Obesity levels among UK pets are increasing, with lockdown contributing to the problem. According to the PDSA Animal Wellbeing (PAW) Report published in November 2020, eight per cent of dog owners and six per cent of cat owners said their pet had gained weight during lockdown. In addition, 17 per cent of cat owners and 14 per cent of rabbit owners said they had fed their pets more treats during this period. Veterinary experts have long warned of an existing pet obesity epidemic, with an estimated half of all UK pets being overweight or obese even before these lockdown figures are taken into account.
As is the case for humans, being overweight can have negative health consequences for animals, such as increasing the risk of diseases like diabetes, heart disease and cancer, as well as shortening their lives.
Ensuring adequate levels of exercise are achieved each day and not over-feeding are important considerations. To help customers ensure their pets maintain a healthy weight, download a Pet Size-O-Meter from PFMA to pin up in store.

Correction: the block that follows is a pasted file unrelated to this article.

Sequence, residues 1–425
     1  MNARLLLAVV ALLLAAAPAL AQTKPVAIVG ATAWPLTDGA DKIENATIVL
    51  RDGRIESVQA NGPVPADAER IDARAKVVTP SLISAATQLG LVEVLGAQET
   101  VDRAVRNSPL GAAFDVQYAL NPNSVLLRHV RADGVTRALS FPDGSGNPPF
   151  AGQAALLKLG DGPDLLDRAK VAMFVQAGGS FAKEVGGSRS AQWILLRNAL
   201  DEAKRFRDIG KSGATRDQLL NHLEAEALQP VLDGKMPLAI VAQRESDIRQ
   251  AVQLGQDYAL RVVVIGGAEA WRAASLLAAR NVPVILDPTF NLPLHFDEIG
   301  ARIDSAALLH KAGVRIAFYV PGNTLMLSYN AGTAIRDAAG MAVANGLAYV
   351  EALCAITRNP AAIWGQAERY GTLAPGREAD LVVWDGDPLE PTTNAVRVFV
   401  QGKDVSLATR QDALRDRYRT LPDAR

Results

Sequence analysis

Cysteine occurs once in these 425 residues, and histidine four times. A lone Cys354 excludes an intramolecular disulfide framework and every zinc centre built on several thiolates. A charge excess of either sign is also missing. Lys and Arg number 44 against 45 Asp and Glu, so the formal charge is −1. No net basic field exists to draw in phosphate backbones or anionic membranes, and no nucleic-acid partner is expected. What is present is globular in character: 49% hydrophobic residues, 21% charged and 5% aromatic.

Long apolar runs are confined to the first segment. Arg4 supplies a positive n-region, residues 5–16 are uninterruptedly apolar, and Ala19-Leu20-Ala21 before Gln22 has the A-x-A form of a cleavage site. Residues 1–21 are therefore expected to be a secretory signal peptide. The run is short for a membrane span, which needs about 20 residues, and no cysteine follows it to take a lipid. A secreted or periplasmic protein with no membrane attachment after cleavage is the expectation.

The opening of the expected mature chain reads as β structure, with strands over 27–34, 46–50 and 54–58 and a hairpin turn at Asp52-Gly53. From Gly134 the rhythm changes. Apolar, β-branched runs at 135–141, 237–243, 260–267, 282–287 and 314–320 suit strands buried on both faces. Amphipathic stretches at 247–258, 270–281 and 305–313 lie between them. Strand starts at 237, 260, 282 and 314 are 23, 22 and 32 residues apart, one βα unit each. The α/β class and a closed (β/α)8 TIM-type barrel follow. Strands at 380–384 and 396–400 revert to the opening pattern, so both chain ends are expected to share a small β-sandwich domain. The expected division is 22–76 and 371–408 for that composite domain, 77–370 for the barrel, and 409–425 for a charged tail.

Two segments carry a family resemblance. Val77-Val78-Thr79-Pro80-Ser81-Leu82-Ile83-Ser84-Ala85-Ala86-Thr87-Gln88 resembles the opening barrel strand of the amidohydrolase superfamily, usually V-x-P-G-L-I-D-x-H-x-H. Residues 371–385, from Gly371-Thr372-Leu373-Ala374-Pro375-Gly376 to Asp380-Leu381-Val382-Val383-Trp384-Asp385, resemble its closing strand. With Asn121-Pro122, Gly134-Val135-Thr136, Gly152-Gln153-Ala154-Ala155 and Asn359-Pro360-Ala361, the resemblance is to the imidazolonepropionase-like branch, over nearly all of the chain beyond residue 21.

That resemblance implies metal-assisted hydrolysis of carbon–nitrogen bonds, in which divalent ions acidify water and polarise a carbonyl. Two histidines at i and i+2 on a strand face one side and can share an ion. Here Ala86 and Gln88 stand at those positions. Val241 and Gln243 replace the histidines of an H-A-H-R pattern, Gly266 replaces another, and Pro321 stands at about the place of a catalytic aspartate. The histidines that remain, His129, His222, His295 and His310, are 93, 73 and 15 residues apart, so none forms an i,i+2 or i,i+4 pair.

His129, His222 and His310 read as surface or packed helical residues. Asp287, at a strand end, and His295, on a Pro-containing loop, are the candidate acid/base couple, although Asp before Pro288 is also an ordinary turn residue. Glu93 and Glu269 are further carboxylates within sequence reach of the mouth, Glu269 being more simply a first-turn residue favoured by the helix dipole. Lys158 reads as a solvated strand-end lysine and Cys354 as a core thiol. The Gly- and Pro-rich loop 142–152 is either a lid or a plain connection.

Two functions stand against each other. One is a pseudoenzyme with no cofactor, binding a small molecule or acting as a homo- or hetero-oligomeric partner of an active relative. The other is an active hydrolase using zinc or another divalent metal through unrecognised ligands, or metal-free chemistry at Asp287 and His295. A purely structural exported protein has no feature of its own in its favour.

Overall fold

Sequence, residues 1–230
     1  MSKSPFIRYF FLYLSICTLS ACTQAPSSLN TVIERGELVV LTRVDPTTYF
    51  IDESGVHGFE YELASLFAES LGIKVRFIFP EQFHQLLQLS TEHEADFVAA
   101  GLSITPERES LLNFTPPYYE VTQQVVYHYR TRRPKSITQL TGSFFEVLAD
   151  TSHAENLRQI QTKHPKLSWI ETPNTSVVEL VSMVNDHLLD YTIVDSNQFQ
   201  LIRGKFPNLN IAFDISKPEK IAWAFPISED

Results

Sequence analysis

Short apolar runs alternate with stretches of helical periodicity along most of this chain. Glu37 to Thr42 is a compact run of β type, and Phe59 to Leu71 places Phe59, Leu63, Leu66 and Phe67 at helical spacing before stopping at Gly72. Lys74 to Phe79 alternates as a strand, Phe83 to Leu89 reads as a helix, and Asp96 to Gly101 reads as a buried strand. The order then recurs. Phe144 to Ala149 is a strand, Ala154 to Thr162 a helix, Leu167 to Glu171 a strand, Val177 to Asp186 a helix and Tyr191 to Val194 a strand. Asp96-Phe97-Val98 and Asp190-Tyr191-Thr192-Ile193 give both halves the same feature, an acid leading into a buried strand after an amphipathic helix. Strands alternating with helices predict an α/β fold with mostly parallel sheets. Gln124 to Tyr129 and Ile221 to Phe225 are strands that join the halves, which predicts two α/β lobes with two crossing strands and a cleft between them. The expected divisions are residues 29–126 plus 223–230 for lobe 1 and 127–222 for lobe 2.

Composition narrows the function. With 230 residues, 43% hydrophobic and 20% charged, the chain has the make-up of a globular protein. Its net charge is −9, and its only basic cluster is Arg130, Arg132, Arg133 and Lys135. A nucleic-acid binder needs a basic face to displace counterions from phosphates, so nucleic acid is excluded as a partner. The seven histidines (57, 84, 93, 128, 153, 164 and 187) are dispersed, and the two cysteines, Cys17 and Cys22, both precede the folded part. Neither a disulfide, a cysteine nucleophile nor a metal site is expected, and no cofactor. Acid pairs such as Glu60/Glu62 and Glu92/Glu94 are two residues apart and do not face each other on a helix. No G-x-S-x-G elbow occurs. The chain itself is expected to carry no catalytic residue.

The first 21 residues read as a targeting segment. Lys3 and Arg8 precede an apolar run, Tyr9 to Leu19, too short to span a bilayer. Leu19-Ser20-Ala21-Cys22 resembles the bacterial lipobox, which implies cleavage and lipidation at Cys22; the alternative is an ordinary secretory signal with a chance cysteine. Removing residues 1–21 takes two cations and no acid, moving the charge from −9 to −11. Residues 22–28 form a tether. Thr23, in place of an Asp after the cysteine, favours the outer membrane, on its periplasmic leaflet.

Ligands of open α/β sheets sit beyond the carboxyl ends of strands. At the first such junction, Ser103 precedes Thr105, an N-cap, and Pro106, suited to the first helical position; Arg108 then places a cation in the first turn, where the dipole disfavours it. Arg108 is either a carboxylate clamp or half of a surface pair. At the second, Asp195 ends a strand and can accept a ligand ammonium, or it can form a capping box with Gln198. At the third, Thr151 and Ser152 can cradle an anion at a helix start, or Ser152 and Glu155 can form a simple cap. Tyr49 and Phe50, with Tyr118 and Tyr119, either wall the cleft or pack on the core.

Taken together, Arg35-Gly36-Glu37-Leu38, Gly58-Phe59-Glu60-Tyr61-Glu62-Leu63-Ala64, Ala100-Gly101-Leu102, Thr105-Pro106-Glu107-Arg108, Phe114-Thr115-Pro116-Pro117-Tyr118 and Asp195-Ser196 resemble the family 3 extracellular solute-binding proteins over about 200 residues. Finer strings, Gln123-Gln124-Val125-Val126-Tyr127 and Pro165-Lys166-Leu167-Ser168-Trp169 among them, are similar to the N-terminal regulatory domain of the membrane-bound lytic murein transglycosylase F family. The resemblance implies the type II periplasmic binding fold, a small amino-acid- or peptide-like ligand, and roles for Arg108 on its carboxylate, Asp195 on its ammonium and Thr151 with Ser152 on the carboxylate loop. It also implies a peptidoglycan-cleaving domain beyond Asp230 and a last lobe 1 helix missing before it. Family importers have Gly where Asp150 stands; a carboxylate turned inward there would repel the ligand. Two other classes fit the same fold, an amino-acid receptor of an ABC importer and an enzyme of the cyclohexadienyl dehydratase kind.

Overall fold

Teeth cleaning for dogs
Dogs often have problems with their teeth, so the RSPCA advises starting teeth cleaning every day at the puppy stage so they get used to it. If an owner hasn’t done this, they can gradually introduce teeth cleaning by regularly having their finger near the dog’s mouth and slowly introducing brushing. A vet can advise on proper technique, while the pharmacy can supply special dog toothpastes, as well as toothbrushes that go over a finger. Human toothpaste is not suitable for dogs, although child sized toothbrushes can be used.